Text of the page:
Kansas, Prairies and cowboys

We overnighted in a delightful RV park called Lighthouse Landing in South Hutchinson, near Wichita.

Stuart was intrigued by a big vehicle on a big vehicle-that’s be standing beside it…

Then we continued along Highway 50 towards Colorado today.

Mostly wheat fields to the horizon.  Farming here is done on a massive scale.  We are currently in a place called Deerfield.  We are now only about 3 hours of driving to Colorado Springs, but we are still in Kansas.

This land is flat and hot.  It was 32 deg c today with a very hot strong wind blowing.  It’s amazing any crops can grow in this unrelenting heat.  Apparently, it’s only the humidity that keeps the crops alive.  We did notice lots of water pumps that must tap into the water table and some fields have irrigation-the rivers look dry.  Of course in the winter, it would be hellishly freezing here.

As we approached Deerfield the land turned more from crops to cattle.  Now, I thought cattle grazed on the wide open prairies here and cowboys went riding out to round them up (That’s what they did in Rawhide and Bonanza and High Chaparral).  Anyway what we saw today was seriously intensive beef farming.  Lots of cattle to a pen, no grass.  They stand on dirt and eat (presumably grain) from a feeder.  They have no shelter, no trees.  Those cows in NZ have it pretty good!!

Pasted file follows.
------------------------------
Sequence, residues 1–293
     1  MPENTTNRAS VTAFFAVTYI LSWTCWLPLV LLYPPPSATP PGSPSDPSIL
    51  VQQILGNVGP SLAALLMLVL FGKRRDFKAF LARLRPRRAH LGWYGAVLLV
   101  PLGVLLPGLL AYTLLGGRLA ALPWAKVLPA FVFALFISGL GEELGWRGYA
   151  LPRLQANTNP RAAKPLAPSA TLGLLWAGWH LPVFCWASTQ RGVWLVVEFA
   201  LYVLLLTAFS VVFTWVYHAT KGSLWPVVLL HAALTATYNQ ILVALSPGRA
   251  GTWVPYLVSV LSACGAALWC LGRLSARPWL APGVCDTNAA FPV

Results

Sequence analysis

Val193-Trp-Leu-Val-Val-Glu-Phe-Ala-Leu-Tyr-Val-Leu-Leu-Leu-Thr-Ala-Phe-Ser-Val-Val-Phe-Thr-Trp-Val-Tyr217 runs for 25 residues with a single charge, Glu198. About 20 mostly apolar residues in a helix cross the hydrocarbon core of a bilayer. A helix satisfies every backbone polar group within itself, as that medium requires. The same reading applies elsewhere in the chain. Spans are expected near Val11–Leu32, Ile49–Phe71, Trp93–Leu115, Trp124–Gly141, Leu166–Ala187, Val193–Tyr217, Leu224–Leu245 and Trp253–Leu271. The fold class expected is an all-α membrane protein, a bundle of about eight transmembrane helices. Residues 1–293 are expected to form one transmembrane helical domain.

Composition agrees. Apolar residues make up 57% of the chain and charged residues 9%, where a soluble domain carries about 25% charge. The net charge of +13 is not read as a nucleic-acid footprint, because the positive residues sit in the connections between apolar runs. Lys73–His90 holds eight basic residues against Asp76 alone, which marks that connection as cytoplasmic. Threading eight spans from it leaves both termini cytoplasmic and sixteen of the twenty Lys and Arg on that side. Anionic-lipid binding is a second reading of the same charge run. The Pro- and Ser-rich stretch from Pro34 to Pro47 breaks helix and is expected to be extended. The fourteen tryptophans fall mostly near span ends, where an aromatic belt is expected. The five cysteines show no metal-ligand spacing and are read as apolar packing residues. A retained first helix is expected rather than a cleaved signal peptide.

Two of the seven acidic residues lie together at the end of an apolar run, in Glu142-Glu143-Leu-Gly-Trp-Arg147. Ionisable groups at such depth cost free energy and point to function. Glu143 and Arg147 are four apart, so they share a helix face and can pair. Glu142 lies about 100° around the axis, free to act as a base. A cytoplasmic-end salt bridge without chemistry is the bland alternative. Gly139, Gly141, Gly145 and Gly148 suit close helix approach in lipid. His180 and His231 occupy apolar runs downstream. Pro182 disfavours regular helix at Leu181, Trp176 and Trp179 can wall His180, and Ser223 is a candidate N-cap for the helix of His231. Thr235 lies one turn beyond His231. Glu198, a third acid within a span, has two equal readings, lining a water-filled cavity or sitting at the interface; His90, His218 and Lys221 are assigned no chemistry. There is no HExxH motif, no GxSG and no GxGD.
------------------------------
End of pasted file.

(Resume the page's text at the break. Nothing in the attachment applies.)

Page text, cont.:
Near Deerfield we took a wrong turn and had to make a big turn around.  We drove through a farm and one area had hundreds and hundreds of small white plastic domes in it, all in neat lines.  The domes were about 1 meter high, half meter wide.  I couldn’t figure out what they were, but as we drove past I saw each one had a new born calf in it.  A pickup was driving down one of the lines with a man on the back throwing a milk bottle in a feeder, one a second,  on the front of each dome.  This really is factory farming on a scale I’ve never seen before. These cows have a terrible life from the day they are born, they are so far removed from the animal they should naturally be.  They probably never see grass, yet here they are being raised on the great prairies.  As Stuart said, it’s more cost effective to bring the food to the animals than have the animals go out and graze.  I’m sure sure I can eat beef here…  This town has a huge meat processing plant and not much else. I guess the upside is that it’s keeping a lot of people in work.

I saw some cowboys on horses in these cattle pens-it looked grim.  That is not how I thought a cowboy in Kansas spent his time.

Tomorrow we reach Colorado, that’s if we don’t get blown off these plains overnight, we are parked up and it’s howling outside buffering the coach quite a bit.  Lightning too but S says no tornados’ predicted…  Probably 80-100km winds-Stuart is fast asleep

The coach is going so well.  We have hardly any issues with it, very impressive considering it’s brand new.  We feel very at home on it now.

The video that relates to this blog is on my Youtube channel, and can be found at this link: